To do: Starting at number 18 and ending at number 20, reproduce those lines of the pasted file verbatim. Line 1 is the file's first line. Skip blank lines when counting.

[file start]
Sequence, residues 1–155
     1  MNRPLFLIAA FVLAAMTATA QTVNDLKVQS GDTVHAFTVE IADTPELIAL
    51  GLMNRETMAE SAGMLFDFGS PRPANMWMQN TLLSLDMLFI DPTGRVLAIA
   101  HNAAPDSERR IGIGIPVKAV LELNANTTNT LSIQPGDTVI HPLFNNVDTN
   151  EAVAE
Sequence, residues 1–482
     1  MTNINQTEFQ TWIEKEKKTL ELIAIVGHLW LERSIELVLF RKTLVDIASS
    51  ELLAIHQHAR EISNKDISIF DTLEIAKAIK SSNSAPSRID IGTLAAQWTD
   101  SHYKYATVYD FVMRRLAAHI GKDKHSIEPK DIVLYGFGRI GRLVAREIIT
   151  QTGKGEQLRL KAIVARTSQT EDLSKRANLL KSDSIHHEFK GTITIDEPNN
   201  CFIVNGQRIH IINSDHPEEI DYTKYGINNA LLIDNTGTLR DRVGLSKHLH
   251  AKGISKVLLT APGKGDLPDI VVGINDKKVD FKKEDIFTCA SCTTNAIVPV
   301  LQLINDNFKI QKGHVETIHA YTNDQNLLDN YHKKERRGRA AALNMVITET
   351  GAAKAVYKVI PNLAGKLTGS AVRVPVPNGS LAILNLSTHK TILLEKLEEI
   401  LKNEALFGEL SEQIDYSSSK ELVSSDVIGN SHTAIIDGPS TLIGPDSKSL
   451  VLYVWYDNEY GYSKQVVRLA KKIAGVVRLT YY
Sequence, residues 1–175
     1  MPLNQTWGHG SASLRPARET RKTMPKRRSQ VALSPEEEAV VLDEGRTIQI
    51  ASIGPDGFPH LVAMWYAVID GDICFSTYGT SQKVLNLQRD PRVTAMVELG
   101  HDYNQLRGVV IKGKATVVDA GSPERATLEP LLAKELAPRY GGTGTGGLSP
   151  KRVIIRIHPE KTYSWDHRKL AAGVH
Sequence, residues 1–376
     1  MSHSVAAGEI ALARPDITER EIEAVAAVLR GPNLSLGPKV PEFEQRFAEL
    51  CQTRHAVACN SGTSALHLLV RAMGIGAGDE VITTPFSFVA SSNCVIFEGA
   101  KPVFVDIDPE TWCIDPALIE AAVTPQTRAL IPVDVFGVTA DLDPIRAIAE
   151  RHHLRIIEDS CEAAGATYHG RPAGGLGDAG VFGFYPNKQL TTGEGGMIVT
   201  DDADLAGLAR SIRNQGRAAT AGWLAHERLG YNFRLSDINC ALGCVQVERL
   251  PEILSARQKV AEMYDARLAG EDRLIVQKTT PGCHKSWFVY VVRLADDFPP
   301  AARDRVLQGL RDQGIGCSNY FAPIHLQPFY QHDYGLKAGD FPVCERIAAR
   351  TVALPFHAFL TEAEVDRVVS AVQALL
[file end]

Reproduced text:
     1  MPLNQTWGHG SASLRPARET RKTMPKRRSQ VALSPEEEAV VLDEGRTIQI
    51  ASIGPDGFPH LVAMWYAVID GDICFSTYGT SQKVLNLQRD PRVTAMVELG
   101  HDYNQLRGVV IKGKATVVDA GSPERATLEP LLAKELAPRY GGTGTGGLSP